Seven Sides of Shakespeare:

A Movie for Today’s Tempest

All the world’s a stage,
And all the men and women merely players;
They have their exits and their entrances,
And one man in his time plays many parts,
His acts being seven ages.

                              William Shakespeare                                    

Yesterday, I got invited to a preview of a movie called Seven Sides of Shakespeare. I saw this originally as a play last year. The performer of the play, a local writer, actor, and former schoolteacher named Shamrock McShane, created a seven-part one-man play using examples of his performances in Shakespearean plays over the years.

Local creator Tom Miller, a very talented artist writer musician etc. decided to make a movie of Shamrock’s play. Tom incorporated music and graphics into the play, everything from old-timey cinema scenes to the magic of ecology. He’s created a movie in seven separate parts that documented the art that Shakespeare always saw. Only this time, the art was in the life of Shamrock McShane.

Tom Miller and his studio –

The resulting movie is incredible. The use of music, special effects (Shamrock talking through the animated statue of Julius Caesar, pulling away in shock as he realizes he’s been co-opted by clay), the owl accompanying Scene IV, the old-timey Shakespearean movie scenes that just act to cement the permanence of Shakespeares words – well, I could go on and on but hopefully you’ll be able to see the movie someday soon.  The entire thing was shot on an iPad in various places around Gainesville and North Florida. You see Shamrock walking through incredible green woodlands, praising the virtues of Shakespeare’s words, while extolling the manner in which those plays intersected with his own life.

The movie is a tribute to local theater, too, as it has evolved over the years in Gainesville and probably in other places too. You know, those small venues where this person collided with that person.  And that one got another part and this one quit in anger and that one moved elsewhere and – well you get the idea. The resulting art might actually be all the better because of the chaos involved in its creation.

But more than that, Tom and Shamrock illustrated the beauty of ecology and the starkness of our current pandemic moment. For instance, after scenes of ecological beauty, we see Shamrock walking across the Bo Diddley Plaza in the middle of town, a place which is normally used for concerts and yoga instructions and sales of the creations of local artists. Now, the plaza is empty, with signs saying, “Wear a mask, socially distance,” but there is no one there to obey these signs. Only a Shakespearean scholar walking through an empty plaza.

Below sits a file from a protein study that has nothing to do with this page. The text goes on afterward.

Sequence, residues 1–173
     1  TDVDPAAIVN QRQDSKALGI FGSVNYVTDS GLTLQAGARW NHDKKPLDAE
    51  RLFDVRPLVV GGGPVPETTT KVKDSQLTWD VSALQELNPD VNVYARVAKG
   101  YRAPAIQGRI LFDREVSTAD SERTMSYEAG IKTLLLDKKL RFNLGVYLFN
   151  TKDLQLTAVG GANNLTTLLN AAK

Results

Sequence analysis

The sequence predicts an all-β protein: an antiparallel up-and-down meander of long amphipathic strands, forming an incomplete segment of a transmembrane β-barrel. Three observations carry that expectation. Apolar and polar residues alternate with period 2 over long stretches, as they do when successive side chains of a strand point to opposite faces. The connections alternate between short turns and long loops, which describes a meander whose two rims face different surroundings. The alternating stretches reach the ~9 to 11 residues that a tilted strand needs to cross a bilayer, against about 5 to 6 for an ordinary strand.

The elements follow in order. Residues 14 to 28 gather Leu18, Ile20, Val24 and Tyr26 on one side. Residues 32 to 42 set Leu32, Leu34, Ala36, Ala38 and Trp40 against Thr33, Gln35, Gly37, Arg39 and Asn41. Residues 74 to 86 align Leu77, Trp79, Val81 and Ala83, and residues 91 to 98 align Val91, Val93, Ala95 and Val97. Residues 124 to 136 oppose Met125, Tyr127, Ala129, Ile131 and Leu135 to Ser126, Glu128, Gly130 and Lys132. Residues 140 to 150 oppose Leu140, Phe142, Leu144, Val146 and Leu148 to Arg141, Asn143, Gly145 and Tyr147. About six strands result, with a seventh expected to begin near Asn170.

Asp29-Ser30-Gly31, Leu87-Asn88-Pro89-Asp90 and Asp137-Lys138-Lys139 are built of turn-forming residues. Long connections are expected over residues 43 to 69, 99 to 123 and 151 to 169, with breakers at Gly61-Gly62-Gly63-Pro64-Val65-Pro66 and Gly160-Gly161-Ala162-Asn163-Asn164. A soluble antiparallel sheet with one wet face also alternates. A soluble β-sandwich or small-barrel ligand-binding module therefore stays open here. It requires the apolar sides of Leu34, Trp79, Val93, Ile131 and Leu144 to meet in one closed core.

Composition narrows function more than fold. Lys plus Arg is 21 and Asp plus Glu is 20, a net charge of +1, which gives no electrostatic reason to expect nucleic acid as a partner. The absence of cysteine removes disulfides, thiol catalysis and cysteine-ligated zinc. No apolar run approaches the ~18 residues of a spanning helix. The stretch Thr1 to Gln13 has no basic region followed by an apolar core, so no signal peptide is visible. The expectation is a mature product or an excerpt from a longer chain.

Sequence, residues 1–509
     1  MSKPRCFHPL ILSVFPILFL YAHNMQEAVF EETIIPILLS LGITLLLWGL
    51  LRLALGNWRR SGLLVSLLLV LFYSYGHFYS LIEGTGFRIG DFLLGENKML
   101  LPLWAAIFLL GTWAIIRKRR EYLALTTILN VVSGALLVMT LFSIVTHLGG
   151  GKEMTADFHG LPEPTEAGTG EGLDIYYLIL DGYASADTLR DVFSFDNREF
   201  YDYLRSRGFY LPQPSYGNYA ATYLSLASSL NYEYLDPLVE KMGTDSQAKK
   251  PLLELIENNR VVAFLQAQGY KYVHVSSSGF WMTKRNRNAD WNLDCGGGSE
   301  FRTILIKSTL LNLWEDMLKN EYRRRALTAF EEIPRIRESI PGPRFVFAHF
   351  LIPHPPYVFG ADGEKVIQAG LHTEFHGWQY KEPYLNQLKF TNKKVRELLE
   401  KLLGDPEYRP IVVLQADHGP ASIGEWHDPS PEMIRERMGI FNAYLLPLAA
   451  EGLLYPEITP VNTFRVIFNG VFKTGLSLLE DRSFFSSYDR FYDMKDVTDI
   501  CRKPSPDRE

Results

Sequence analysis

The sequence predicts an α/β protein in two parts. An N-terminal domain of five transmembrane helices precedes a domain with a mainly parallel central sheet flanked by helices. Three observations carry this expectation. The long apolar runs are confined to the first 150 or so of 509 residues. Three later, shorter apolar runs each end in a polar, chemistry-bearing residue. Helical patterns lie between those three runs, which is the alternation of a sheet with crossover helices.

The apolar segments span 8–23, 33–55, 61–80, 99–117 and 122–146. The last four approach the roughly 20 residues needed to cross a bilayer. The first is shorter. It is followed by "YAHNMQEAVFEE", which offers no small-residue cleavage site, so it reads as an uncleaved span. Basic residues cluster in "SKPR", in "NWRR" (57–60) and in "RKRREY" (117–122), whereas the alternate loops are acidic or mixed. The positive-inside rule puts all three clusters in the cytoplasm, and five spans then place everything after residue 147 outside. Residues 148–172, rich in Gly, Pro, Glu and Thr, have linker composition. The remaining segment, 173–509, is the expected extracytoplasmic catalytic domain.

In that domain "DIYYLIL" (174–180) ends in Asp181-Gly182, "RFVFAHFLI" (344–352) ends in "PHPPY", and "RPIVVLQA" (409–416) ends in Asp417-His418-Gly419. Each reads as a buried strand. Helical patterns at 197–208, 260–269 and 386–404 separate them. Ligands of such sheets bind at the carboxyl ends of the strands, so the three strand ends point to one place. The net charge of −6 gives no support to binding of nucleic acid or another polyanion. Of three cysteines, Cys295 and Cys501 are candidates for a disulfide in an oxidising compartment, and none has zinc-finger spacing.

And Shamrock transforms throughout the movie as well. The beard grows longer and shaggier, the clothes become less restrictive, the pandemic and the final stages of life take their toll. He is a child (played by his own adorable son) walking and playing with a stick, and then he is an old man, leaning on that stick, traveling the same pathways, but slower.

Shamrock on Shore

And yet, as we get to the end of the movie, the end of the seven ages of man per Shakespeare, when all should be depressing and sad, the screen becomes a homage to beauty, to grace, to the continuance of life.  There is a beautiful, amazing scene in Cedar Key on Florida’s West Coast, where thousands of ocean birds fly up and away from a small island, while Shamrock stands on the shore, a small and small and smaller being, standing his ground as the camera glides away. As the tide rolls in.

According to Tom Miller, that shot with the birds was just a magic moment where they happened to be in the right place at the right time. How do you get that lucky? And I thought Shamrock was lucky to have been able to continue with his artistic loves while he actually made a living.

But then I remember. It wasn’t luck. It was hard work. It was the importance of continuing with your art regardless of the problems that occur around you. It was the necessity of creating even when creating is so difficult it seems impossible. Thank you, shamrock and Tom, for inspiring me. I hope this movie is picked up and becomes an indie sensation. It well deserves it.

Check out these amazing previews of the upcoming movie:

The Seven Sides of Shakespeare – Tempest Preview

The Seven Sides of Shakespeare – Teaser II

Producers and Directors and Star[s]

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1 Response to Seven Sides of Shakespeare:

  1. Reblogged this on shamrockmcshane and commented:
    Wendy gets it. It would be hard to get it any better, First, she’s a poet who gets Shakespeare. Next, she’s a novelist who gets narrative. Then, it hits home for her, because she gets nature, ecology, the pandemic, the planet, and the cosmos, and so she sees where we’re headed in this movie.


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